(The first two paragraphs are an excerpt from a work in process dealing with engaged Buddhism.) Correct Livelihood is a particularly tough one in our highly interlinked and increasingly complex world, especially for those of us who came relatively late to the Teachings, after we had settled into a career that involved our learned skills and creative powers, and while we were still obliged to fulfill our duties as householders.
The Teachings tell us that Correct Livelihood rejects dealing in living beings, including both the slave trade and prostitution, as well as the raising of animals for slaughter or other misuse, dealing in weapons, in meat production and butchery, in poisons, and in intoxicants. The teachings further identify as wrong livelihood practices that involve trickery or exploitation, including fortune-telling and usury. But what about working as a night clerk at a convenience store to pay one’s way through college? That involves selling beer and cigarettes, charging exploitative prices for things like phone cards, selling lottery tickets, and handling a variety of publications that are full of lies, sexual pandering, and ill will. And just about any employment with a multinational corporation, no matter how benign one’s job duties might seem to be, involves one with an organization that is almost certainly, in one place or another, with one arm or another, dealing out poison, deception, exploitation and environmental degradation. Even a job in academia is on shaky ground with regard to right livelihood, as colleges and universities succumb more and more willingly and completely to operating models based on continuing growth and the blind imperative of profitable revenues.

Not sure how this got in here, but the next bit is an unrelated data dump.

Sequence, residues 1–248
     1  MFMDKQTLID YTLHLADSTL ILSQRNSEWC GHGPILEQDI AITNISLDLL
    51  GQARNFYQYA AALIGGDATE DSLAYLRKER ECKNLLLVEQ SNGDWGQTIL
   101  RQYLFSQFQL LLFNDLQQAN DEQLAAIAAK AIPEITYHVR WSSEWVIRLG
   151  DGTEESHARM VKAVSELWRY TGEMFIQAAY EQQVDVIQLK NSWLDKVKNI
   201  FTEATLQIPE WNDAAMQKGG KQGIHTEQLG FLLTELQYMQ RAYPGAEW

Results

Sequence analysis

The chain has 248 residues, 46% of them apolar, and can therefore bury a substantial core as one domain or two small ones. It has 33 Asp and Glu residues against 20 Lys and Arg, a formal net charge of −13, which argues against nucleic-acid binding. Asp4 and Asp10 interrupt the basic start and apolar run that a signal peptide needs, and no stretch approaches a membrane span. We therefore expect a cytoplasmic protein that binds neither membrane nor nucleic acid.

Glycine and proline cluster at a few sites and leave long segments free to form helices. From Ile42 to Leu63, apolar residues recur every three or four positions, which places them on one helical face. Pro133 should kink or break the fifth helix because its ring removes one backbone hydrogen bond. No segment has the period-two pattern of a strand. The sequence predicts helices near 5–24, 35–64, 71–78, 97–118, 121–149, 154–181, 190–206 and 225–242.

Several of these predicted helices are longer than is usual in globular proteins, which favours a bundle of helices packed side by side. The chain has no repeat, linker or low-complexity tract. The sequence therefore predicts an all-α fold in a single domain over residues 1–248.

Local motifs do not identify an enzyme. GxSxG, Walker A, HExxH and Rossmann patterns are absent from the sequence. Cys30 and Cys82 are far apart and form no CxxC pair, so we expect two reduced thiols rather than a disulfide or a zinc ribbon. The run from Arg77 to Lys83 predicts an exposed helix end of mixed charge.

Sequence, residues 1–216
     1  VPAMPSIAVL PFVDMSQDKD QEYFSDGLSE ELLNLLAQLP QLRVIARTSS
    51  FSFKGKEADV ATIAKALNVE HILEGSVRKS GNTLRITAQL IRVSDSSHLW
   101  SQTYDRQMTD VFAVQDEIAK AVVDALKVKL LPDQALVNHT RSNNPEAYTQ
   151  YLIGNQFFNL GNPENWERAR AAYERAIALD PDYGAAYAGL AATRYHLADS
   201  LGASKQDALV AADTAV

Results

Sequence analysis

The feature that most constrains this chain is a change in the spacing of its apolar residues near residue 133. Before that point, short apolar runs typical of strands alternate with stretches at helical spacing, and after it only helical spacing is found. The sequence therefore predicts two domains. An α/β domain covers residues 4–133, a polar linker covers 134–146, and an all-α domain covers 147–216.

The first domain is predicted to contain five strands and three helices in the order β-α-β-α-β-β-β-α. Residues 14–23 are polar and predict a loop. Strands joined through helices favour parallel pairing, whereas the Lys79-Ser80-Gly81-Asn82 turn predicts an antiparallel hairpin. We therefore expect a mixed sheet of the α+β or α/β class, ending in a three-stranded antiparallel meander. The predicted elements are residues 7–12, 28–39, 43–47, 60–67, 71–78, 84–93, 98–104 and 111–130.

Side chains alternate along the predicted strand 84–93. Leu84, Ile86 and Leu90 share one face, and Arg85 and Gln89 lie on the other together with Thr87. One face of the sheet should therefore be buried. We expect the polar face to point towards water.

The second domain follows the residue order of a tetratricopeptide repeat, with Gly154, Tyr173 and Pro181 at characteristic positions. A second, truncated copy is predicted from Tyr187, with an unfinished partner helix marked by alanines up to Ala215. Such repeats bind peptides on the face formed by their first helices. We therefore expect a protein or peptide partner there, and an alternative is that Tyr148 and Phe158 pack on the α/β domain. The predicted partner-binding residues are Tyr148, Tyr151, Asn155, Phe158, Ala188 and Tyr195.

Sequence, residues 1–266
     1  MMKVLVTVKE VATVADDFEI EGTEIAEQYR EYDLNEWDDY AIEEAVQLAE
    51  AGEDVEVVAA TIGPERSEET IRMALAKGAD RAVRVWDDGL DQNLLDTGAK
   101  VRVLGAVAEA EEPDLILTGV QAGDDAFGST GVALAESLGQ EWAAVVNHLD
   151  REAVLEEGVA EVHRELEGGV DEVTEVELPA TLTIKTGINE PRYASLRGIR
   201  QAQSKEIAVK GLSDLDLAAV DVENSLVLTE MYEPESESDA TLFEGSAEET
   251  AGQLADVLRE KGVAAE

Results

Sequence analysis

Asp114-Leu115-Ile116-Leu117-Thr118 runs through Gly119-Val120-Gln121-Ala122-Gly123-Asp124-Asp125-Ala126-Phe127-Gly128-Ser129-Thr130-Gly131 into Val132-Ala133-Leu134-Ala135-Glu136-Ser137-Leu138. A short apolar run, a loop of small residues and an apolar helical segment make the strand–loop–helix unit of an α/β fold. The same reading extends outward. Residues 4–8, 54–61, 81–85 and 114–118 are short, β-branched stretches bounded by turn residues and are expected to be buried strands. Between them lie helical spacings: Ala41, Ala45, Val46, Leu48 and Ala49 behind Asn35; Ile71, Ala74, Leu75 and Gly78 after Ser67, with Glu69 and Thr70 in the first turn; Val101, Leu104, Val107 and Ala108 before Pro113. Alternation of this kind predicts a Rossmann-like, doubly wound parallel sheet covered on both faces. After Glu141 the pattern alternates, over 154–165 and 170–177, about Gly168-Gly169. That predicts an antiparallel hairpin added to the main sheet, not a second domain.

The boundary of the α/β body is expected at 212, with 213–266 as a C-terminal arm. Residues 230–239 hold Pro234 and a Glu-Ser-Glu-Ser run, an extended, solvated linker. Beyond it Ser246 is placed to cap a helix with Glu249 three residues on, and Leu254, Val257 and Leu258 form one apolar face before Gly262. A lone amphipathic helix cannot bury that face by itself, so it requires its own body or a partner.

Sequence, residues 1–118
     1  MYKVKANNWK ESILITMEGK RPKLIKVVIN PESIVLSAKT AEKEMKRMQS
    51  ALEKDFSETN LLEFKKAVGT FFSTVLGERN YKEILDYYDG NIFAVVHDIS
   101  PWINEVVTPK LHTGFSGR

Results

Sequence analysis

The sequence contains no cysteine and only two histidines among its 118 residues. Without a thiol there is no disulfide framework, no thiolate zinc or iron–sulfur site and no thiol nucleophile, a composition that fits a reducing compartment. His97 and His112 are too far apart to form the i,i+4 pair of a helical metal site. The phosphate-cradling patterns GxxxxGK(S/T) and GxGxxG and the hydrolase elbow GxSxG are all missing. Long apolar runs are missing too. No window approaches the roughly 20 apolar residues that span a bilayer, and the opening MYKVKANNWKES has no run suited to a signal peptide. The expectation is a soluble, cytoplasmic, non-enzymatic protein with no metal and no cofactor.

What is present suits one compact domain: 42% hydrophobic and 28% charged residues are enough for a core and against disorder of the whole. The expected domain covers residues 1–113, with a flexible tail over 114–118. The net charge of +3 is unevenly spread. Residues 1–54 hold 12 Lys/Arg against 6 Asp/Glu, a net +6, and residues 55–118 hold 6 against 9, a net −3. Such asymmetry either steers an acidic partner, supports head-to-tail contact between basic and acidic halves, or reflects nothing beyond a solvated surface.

The Superior Eightfold Path is, in some sense, more central to the Buddha’s teaching than the Four Dominating Facts of Life. When the Buddha presents his “Middle Way”, the way between ambition for material success, which is a dead end, and mortification of the material body, which is also a dead end, he presents it as “exactly this Superior Eightfold Path”. The Four Dominating Facts of Life, after setting Dukkha up as our existential condition, unquenchable desire as the cause of craving, the abandonment of such desire as the cessation of Dukkha, then presents, as the final fact of life, the way (pun intended, by the Buddha) to abandon desire as, again, “exactly this Superior Eightfold Path”.
In other discourses, he identifies the Dhamma with the Path (and reminds us that one who knows the Dhamma knows the Buddha); in the famous story of the one who discovers the path to the Ancient City, whose restoration will lead to a new stage of civilization, the City is identified as the Four Dominating Facts of Life, and the path to the City is, of course, the Superior Eightfold Path. It is certainly, in its radically pragmatic nature, its sophisticated structure, and its virtually universal relevance, the most revolutionary and distinctive of the Buddha’s teachings.